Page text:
negrins, Slavonians, Ruthenians, Lithuanians, and Letts.
Three-fourths of these immigrants are males, and their
illiteracy is extremely high. The Slavs belong almost
entirely to the class of unskilled labor which find occupa-
tion in the mines and in the great manufacturing industries
where brawn, not brain, is essential. They have settled
mainly in the mining and industrial region which has its
central point in western Pennsylvania. An exception is
found in the case of Poles and Bohemians who settle upon
164 Problems of American Democracy
farms. The Slavs are remarkable for their fecundity.
Large families and high birth rate are the rule. They are
slow in assimilation, and many of their different groups
seek to found in the New World a nationalism difficult
of attainment in the old. The future of Slav immigration
is of vital importance, for immigration has scarcely touched
the millions of Slavs in Russia. So far most of this
immgiration from Russia has been largely Hebrew in
At the present time there are over two million Hebrew
immigrants in America, so that one-fifth of all the Jews in
Russian the world reside in the United States. America
jews. - g m( j eec [ t^g " Promised Land." As compared
with other groups, the Hebrew seeks to bring over his
entire family and to make America his permanent home.
The Jews have settled almost entirely in the cities, pre-
ferring commerce and trading to manual labor. Garment
and cigar making are more attractive to them than ordinary
unskilled labor. The sweat shop industries are good
examples of the exploitation of the Jewish immigrant.
There are comparatively few Jews in prison or in the alms-
houses. Intellectually, they rank higher than other immi-
grants, as may be readily seen by the records of school
children in foreign districts. Out of the six million Jews
in the Russian pale, nearly two million have been forced to
America by the fire of persecution. A background of
centuries of race prejudice has so cemented this group that
religious and other traditions at first prevent their
quick absorption into American civilization. However,
they later assume many American characteristics, and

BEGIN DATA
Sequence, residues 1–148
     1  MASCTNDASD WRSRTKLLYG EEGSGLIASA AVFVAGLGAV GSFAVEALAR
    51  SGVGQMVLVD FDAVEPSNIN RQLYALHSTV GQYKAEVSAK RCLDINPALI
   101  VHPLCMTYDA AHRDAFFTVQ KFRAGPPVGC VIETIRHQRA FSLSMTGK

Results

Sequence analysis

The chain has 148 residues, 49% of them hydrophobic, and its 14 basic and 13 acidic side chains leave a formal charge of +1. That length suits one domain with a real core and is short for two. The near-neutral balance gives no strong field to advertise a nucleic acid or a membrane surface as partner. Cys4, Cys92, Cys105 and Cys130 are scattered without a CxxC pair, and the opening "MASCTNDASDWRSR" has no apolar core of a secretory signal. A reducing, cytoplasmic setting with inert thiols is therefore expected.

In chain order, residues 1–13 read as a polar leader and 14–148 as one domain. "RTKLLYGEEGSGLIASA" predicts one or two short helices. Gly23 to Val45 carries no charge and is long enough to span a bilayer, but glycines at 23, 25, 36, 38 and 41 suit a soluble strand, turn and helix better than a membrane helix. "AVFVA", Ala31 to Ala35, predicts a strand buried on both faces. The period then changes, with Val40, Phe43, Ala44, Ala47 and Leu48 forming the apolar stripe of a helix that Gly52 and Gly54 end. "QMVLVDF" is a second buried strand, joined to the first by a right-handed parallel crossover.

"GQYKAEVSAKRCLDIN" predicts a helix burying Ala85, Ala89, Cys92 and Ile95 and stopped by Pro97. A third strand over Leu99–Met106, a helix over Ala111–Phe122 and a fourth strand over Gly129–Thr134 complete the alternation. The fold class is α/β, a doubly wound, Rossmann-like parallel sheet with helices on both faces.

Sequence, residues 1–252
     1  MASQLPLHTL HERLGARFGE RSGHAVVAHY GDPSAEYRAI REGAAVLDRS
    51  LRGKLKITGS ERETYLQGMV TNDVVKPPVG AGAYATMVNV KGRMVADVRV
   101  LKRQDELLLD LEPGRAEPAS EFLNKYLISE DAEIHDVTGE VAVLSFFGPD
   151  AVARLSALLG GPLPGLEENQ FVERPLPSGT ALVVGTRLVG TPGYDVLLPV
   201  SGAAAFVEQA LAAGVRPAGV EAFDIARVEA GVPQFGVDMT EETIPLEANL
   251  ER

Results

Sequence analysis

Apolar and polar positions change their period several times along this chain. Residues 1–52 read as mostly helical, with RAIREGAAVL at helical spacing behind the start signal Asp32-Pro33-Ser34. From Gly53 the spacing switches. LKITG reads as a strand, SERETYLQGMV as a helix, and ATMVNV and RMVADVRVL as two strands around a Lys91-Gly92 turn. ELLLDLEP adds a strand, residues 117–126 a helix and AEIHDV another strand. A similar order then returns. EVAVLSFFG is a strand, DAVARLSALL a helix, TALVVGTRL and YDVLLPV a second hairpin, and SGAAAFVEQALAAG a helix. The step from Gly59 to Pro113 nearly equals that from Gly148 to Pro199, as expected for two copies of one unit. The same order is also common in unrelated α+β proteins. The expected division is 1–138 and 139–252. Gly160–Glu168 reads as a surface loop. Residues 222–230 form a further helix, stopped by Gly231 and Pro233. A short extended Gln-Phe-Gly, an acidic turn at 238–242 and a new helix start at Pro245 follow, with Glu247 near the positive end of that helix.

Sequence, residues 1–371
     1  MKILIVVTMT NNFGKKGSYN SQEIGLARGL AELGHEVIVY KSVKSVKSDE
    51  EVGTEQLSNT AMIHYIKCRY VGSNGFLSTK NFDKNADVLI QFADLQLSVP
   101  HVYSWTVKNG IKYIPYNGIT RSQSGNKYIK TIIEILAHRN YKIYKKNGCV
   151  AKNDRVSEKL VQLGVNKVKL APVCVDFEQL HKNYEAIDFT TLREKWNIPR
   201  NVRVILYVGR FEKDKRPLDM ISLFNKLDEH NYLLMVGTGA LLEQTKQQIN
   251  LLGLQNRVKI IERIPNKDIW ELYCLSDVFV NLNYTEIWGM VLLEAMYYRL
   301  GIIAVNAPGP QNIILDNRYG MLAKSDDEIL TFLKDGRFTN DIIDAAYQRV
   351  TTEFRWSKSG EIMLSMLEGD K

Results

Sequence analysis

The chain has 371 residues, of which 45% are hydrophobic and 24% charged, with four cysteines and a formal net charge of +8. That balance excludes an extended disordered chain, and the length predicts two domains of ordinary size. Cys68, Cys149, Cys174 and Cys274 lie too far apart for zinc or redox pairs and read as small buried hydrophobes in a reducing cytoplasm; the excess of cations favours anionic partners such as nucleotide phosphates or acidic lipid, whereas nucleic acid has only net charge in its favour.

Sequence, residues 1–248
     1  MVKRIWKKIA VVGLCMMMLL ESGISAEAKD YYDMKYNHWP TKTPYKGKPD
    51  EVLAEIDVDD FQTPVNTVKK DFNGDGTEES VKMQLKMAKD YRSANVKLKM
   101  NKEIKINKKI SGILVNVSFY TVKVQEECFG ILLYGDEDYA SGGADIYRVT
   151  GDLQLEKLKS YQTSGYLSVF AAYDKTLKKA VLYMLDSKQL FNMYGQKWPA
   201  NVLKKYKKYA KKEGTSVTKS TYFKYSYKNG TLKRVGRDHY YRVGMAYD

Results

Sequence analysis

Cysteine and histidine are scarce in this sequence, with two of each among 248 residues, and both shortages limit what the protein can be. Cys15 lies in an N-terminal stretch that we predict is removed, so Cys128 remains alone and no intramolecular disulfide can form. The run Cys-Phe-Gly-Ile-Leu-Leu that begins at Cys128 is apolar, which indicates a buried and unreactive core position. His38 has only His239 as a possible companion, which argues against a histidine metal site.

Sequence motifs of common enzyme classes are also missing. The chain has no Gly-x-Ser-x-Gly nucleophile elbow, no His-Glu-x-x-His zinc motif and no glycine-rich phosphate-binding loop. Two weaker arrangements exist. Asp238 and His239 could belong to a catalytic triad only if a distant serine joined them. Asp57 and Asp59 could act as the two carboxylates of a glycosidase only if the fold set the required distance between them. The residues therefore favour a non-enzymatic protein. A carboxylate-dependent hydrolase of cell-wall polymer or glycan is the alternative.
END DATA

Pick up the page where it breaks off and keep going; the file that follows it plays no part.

the rise of the Hebrew in wealth and social position is
Americans â€” Old and New 165
The attempted Russiiication of Finland drove many-
thousands of these people to America. Like the Swedes,
the Finns have become farmers in our great other
Northwest. The Magyars, or Hungarians, are groups -
partly Mongul in blood and descended from the Asiatic
invaders who settled in the plains of the Danube River.
There are a quarter of a million of these Hungarians in
our land and, like the Slavs, they may be found in the
mining and industrial regions of America. â– Many return
to Europe with their American earnings, leaving behind,
not infrequently, an undesirable record. During the last
twenty years, about one hundred and fifty thousand
Greeks have come to us from the land of Homer. Among
this people, as well as the Italians, the padrone system of
labor flourishes. Many boys live under a master, by whom
and for whose benefit their labor is exploited. From
Asiatic Turkey come not only the Turks, but also the
Armenians and Syrians who peddle anything from olive
oil to costly rugs. These people are subject to rigid immi-
gration inspection, for the disease of trachoma or granulated
eyelid is common among them.
QUESTIONS FOR DISCUSSION
1. What European countries formerly sent us the greatest
number of immigrants?
2. What nations now lead in the number sent us?
3. Show this change from statistics.
4. When did it begin to take place?
5. Compare the civilizations of Northern and Southern Europe
with respect to the type of immigrant each sends us.
6. Compare the causes of the earlier and later immigration.
7. Give the causes of the Italian immigration.
8. Compare the North Italian and the South Italian type.
1 66 Problems of American Democracy
0. Give the characteristics of the Slav group and compare it
with the Italian.
10. Give the characteristics of the Hebrew immigrants from South
11. Name and describe the other lesser groups.
12. Where geographically, and in what particular industries, does
each immigrant group tend to settle?
13. Try to trace back your own descent.
14. What elements came into our population about the middle of
the nineteenth century? Describe each.
15. What has been the nature of immigration to this country
16. Give some general characteristics of these later groups.
17. What great problem has this change in immigration given
rise to? Explain.
TOPICS FOR SPECIAL REPORT
1. The old and the new causes of immigration.
2. Immigration and the Revolutions of 1848.
3. Immigration and the Irish famine of 1847.
4. The European background of immigration.